Steve Kelman goes outside the traditional government contractor community for insights into the true barriers to entry.
I have been interested in the question of getting successful commercial companies, especially tech companies, to sell to the government from the time I was in government myself as administrator of the Office of Federal Procurement Policy, now almost 25 years ago. Even at the time, I was worried about a government market too dominated by companies that sold only or mostly to government. I felt that new entrants from outside the traditional world of government contracting would increase competition for government contracts and that high performance expectations in the commercial world gain greater prominence in government.
This theme has re-emerged as a big issue in government contracting, particularly through Department of Defense initiatives to get Silicon Valley selling more to the government, and I blogged about it last fall.
I recently had a chance, in connection with some lecture material I was preparing at the Kennedy School, to talk to a few people who mostly come out of the non-government tech world but who know the government well, and in some cases have either sold to the government or advised tech firms considering doing so. I posed to each of them the same question: Why do so many small, innovative tech firms refuse to sell to the government?
The answers I got sometimes track the debate about this issue among Washington-based government contracting experts, sometimes don’t, but above all provide perspectives one seldom hears in the inside-the-Beltway discussions.
Let’s start with what I heard that does track the standard debate. Everyone said there is so much arcane stuff to learn about selling to the government that scares people off. But, I countered, doesn’t a firm entering any new industry always have lots of things to learn about the peculiarities of that industry? Yes, I was told, but the scale of what one must learn about the federal environment has no counterpart in other sectors. And the language is often bureaucratic and forbidding.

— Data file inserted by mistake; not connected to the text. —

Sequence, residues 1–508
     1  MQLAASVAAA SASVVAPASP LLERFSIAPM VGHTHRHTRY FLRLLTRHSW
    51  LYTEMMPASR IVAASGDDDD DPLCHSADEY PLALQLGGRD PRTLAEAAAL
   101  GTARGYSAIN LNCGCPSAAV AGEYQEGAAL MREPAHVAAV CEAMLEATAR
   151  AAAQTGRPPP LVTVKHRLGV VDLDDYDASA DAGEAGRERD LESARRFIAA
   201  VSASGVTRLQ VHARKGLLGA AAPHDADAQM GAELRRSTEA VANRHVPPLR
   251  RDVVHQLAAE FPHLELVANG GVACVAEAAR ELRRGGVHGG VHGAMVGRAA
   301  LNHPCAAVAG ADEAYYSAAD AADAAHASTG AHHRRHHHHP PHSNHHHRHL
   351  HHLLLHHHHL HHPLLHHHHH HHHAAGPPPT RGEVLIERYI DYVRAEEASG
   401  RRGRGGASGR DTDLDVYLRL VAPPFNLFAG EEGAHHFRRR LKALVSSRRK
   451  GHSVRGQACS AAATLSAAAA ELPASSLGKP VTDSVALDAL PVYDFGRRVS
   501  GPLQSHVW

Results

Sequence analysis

By contrast, two arguments that one hears constantly inside the Beltway (often from large incumbent government contractors dressed up as advocates for small non-government tech firms) that I essentially never heard from this group: the “socio-economic” requirements such as special affirmative action plans or higher-than-statutory minimum wages, and government's demands for cost data about contractors' offerings.
One of the people I spoke with did mention the Office of Federal Contract Compliance. Nobody mentioned demands for cost data, and the one I specifically followed up with, who works with about 10 innovative tech firms working on entering the government marketplace, told me he had never heard of this problem before. (My blog post from the fall was somewhat more worried about these problems, particularly requests for cost data, than my current informants were.)
So what are the things that seldom make their way into the Inside-the-Beltway debate? The most fascinating one involved the different kind of problems experienced by companies selling products v. services.
Innovative tech product companies believe that many potential customers in the government are interested in their products. They also are attracted to the idea of selling as a sub (a big theme in my blog post from the fall), outsourcing the work of learning how to sell to the government to a government contractor prime.
My source who represented 10 tech clients producing products told me all were trying to sell as subs. Their problem has a one-word name: FedRAMP, the government’s system for security certification of new tech products being sold through the cloud. Those I spoke to all mentioned FedRAMP -- which stands for Federal Risk Authorization and Management Program -- as a big issue whose expense could be a dealbreaker unless they had a large federal market. The government touts that one FedRAMP certification works for selling your product to the whole government. But, especially for smaller firms, that one barrier is often enough.
Services firms, by contrast, face a different disincentive to do business with the government. Often by far the easiest way for them to enter this marketplace is as subs as well, and, especially with subcontracting small business plans, getting some work is often very possible. The question is what price the small new entrants pay for such work .
“That kind of setup kills any individuality that companies bring to a space," one of my interviewees said. "They get homogenized by this, you become a staffing firm. The prime will say, ‘You have three developers,’ send your people to work with us. When that happens, we don’t see them, we don’t manage them. It doesn’t let you as a company develop anything special. You are pushed through a meat grinder.”
The question under such circumstances is whether it’s worth it, as opposed to refusing the deal and staying out of the government marketplace. Very interesting perspectives, and very much not the "same old same old" on this issue.
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